The 27th Biennial of Graphic Arts took the turning point in the history of art when the ease of technical reproduction made reproducibility a new quality in the artwork and transformed the very concept of art in essential ways, as its point of departure and theme for reflection. In doing so, it made reference to the theses of the renowned philosopher Walter Benjamin and his theoretical implications. The reproducibility of art changed the ways in which the notions of the copy and the original are understood. It influenced new meanings of authorship, the roles of the artist and the technician, the link between technology and art, and so on. Reproducibility led to multiple production, wider accessibility and the artwork’s ability to be simultaneously present in different situations and socio-political environments. Artists welcomed reproducibility as something that gives them new and diverse possibilities for expression and content. The exhibitions of reproducible art as part of the 27th Biennial of Graphic Arts presented a variety of art forms, from traditional printmaking to printed art, video, photography as well as computer and net art.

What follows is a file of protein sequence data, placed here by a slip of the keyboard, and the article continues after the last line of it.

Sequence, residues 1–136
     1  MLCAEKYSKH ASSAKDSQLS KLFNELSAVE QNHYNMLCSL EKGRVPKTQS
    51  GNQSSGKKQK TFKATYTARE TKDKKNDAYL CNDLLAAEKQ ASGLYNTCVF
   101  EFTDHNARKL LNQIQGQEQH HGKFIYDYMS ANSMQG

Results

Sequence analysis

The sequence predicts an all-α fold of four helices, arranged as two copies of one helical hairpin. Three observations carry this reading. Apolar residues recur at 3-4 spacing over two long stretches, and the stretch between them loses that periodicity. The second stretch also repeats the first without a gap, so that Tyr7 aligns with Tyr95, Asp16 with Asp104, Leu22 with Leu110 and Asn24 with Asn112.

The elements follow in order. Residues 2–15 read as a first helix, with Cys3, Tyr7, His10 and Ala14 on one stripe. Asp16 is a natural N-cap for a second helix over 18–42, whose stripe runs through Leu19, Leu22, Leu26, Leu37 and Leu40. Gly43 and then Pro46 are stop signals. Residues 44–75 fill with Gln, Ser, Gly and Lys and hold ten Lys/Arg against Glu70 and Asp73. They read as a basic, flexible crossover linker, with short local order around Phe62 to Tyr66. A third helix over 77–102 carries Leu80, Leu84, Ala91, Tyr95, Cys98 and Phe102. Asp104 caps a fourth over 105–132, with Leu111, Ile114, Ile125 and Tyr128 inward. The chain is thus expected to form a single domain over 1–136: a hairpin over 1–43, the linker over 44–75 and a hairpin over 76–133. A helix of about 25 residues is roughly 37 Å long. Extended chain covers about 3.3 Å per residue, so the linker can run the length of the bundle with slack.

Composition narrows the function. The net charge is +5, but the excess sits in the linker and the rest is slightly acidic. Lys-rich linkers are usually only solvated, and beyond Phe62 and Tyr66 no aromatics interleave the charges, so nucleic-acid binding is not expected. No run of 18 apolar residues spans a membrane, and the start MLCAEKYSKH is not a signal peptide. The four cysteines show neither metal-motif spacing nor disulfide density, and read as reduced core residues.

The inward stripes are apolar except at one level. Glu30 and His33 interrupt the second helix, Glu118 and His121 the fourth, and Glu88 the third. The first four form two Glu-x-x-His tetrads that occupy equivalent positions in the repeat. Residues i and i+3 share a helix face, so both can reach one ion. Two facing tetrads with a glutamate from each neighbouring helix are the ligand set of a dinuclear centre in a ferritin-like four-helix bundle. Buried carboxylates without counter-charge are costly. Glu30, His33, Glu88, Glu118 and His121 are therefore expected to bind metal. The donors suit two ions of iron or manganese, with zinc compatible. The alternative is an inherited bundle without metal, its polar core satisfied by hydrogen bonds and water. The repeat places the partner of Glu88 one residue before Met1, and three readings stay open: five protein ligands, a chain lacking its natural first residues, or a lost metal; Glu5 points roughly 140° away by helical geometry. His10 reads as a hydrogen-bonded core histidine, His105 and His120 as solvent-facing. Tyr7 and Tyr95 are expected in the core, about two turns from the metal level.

The main exhibition The Unbound Eyes of Anxiousness presented artists of different generations and stylistic definitions, whose work had marked art and society in the preceding years and decades (both in Slovenia and internationally). The title of the exhibition speaks of the pivotal moment in the creative process when the idea takes on a visible form; the creative restlessness in the artist’s head is unleashed, is torn from “chaos”, and becomes a visible piece of art.